Open-license textbooks will save students an estimated $100 per course.
Freely available open course material could save college students in Washington state $1.2 million this year: The Washington State Board of Community and Technical Colleges introduced one of the country’s largest open textbook programs Oct. 31, bringing low-cost class material to 81 college courses with the highest enrollments in the state.
More than 400,000 students at Washington’s 34 community and technical college campuses now will have syllabi, activities, readings, assessments, and textbooks available for $30 per course under a web-based open license.
Funded by Washington state and the Bill & Melinda Gates Foundation, the Open Course Library (OCL) is expected to save more than $100 for every student in a participating course, and more than $1.2 million for all students in departments that use the material, according to projections from the Student Public Interest Research Groups (PIRGs), a national organization that advocates for open college material.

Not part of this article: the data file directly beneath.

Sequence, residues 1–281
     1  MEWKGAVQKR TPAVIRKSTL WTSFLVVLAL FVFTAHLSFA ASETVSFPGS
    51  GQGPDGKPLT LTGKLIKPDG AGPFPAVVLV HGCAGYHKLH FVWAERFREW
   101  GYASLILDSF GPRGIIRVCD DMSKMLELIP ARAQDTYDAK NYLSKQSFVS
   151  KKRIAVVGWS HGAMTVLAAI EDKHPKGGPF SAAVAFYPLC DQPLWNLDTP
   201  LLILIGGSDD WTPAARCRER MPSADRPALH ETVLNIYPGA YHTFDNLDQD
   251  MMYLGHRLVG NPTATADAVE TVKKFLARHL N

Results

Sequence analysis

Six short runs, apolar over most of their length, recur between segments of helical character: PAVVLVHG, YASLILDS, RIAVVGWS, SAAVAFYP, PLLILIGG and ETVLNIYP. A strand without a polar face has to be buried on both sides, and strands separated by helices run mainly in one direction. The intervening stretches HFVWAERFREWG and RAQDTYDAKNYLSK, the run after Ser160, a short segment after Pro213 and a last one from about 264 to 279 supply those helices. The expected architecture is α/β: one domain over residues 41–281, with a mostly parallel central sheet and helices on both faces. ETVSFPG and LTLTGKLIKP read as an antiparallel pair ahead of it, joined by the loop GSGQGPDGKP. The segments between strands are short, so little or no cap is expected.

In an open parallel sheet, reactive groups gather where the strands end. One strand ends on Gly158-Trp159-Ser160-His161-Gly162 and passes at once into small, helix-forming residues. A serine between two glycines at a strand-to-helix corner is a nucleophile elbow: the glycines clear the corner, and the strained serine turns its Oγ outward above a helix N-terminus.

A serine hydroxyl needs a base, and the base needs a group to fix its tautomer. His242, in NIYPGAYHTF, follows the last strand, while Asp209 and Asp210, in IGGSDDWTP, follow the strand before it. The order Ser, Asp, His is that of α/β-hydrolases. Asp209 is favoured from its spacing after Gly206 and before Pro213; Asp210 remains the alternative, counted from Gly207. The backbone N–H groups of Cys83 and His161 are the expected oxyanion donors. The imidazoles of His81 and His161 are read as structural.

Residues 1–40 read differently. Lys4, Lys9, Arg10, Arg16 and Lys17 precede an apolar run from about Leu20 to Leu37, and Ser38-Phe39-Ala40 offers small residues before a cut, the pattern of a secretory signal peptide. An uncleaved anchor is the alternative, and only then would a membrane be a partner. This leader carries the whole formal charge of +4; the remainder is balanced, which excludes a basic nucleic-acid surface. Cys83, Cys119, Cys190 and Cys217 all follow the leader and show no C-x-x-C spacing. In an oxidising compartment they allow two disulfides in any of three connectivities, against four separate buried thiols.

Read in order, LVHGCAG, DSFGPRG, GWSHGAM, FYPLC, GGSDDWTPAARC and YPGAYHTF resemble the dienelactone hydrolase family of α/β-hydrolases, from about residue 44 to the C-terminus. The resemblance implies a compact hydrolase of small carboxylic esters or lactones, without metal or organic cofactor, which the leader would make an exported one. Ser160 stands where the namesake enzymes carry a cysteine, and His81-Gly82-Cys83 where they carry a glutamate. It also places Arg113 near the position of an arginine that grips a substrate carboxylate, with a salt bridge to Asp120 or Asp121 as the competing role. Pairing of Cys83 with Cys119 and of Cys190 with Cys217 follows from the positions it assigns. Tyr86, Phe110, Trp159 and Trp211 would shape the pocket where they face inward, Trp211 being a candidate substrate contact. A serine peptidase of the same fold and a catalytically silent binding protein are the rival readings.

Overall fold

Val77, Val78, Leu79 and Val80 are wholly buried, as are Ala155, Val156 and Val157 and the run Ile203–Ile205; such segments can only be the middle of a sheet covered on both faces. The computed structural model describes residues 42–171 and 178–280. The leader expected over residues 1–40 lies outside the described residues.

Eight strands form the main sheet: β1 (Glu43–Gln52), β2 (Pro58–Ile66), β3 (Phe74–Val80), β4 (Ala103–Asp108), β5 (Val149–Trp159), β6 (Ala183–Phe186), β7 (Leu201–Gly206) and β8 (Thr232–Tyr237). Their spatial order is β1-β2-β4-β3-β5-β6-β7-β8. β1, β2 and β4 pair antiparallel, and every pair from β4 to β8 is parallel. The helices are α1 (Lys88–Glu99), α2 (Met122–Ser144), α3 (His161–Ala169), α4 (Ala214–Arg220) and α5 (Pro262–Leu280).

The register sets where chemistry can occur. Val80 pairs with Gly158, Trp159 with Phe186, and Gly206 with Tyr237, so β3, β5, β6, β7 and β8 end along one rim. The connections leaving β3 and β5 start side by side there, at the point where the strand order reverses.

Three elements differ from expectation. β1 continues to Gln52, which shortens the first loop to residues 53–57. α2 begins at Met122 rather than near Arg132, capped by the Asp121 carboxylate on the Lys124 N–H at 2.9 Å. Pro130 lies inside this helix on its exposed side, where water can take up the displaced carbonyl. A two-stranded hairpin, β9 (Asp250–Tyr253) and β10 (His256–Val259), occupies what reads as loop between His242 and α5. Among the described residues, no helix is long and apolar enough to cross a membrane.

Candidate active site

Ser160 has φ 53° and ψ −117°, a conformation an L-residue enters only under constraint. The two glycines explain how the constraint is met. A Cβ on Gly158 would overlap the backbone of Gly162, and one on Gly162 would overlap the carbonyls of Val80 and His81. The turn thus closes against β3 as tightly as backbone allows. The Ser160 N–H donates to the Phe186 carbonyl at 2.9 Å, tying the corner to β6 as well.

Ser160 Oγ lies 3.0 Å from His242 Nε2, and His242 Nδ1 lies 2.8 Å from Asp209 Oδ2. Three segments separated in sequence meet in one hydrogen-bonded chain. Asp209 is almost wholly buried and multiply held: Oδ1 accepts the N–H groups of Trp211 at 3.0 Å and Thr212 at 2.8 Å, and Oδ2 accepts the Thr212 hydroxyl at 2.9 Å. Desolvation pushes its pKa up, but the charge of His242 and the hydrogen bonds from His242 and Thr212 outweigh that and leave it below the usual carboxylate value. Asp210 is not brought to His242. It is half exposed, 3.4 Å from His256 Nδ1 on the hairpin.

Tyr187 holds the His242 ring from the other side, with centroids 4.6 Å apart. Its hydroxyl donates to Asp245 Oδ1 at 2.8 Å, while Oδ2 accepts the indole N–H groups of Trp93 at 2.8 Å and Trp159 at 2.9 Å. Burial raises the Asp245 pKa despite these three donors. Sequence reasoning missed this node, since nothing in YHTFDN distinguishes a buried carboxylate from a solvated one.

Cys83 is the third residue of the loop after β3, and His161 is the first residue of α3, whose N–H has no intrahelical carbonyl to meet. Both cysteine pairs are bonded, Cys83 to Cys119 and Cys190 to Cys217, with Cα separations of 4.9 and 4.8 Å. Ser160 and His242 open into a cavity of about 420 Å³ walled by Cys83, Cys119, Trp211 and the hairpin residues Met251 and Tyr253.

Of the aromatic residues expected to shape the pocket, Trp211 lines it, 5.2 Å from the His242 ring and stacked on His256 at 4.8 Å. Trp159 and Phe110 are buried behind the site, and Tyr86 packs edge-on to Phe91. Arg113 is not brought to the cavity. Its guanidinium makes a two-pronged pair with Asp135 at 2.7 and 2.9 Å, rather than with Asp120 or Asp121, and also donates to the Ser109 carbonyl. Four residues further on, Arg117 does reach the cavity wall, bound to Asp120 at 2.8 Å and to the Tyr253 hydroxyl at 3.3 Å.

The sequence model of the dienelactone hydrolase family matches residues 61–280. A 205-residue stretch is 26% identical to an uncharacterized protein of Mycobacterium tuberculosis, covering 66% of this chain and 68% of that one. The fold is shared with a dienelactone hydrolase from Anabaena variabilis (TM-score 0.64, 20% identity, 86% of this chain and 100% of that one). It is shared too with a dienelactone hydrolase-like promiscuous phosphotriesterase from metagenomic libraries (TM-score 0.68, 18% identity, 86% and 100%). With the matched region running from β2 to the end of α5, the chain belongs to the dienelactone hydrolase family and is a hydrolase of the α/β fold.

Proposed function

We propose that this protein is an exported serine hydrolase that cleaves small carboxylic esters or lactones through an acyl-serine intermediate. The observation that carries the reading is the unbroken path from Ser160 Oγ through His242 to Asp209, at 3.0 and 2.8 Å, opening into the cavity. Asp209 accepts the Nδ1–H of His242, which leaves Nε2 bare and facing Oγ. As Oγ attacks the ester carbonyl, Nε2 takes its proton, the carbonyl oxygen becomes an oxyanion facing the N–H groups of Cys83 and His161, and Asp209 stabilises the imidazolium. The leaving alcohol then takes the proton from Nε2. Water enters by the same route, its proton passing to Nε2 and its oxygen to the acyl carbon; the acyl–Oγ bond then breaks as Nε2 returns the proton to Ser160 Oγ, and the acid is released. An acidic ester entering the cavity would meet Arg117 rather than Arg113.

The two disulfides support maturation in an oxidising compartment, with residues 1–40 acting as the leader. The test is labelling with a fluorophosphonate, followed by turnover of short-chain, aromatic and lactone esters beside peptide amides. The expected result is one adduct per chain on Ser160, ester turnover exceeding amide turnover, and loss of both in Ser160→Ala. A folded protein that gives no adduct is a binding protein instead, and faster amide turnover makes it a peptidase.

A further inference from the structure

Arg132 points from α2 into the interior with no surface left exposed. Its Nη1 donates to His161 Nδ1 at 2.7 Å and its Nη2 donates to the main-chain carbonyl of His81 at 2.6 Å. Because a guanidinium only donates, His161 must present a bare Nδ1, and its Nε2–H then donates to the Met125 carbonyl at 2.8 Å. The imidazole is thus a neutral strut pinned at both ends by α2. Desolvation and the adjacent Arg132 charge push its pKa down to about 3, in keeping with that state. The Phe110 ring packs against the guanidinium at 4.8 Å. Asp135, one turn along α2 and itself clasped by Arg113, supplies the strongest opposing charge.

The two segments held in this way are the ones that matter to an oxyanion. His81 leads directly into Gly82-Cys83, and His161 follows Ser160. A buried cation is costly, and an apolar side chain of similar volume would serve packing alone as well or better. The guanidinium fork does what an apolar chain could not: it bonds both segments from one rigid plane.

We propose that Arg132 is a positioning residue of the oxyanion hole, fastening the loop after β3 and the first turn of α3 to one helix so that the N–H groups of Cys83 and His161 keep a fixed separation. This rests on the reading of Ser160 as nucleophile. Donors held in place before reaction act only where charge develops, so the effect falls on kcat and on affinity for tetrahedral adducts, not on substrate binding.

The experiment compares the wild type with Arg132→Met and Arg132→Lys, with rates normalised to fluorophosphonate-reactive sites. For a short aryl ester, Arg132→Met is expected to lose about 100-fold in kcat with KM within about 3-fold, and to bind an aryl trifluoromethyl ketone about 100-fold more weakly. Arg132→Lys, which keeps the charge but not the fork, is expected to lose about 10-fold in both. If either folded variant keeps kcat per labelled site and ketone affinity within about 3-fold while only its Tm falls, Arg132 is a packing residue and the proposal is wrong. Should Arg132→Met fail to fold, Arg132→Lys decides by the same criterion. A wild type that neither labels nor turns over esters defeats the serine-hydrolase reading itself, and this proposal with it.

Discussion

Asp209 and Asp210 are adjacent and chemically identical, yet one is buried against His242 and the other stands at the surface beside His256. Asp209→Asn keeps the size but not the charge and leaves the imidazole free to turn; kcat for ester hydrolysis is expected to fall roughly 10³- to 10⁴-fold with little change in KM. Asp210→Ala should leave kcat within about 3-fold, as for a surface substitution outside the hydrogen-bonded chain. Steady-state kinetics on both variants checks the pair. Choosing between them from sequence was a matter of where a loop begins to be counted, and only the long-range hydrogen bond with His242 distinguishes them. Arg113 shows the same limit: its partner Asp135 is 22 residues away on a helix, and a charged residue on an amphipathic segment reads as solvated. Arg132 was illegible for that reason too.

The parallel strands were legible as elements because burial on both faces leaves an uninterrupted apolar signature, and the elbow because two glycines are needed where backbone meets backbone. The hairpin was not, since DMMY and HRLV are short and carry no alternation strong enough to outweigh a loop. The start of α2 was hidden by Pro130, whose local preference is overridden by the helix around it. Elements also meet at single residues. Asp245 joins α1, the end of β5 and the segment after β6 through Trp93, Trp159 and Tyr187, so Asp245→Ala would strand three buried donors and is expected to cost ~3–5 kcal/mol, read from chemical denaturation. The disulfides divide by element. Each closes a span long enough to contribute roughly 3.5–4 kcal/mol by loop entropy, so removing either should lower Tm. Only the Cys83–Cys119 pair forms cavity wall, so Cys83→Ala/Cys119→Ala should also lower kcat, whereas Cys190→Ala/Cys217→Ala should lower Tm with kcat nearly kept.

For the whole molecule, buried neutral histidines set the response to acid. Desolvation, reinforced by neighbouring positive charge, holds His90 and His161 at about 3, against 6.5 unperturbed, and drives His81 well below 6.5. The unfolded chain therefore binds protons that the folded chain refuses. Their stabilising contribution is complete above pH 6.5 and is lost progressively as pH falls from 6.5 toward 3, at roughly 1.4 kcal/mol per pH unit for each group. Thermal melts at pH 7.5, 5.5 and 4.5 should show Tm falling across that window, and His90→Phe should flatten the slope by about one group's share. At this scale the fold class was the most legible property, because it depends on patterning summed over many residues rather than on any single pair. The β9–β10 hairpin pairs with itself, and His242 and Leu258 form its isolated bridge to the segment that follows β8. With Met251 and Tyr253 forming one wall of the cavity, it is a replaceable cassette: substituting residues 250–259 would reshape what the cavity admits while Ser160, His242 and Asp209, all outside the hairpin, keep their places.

Washington state’s OCL could save college students $42 million annually if the model is adopted statewide.
“It’s not often that government gets this right,” said state Rep. Reuven Carlyle, D-Seattle, of Washington State’s 36th District, a longtime supporter of the state’s OCL, who added that lower book costs would help college students as state funding dwindles. “This is a significant state investment in this era of massive budget cuts.”
Carlyle said state lawmakers hadn’t taken a stance against big textbook publishers, but rather offered some financial relief for cash-strapped students. He said he would welcome large publishing companies to compete in the burgeoning open-license textbook market.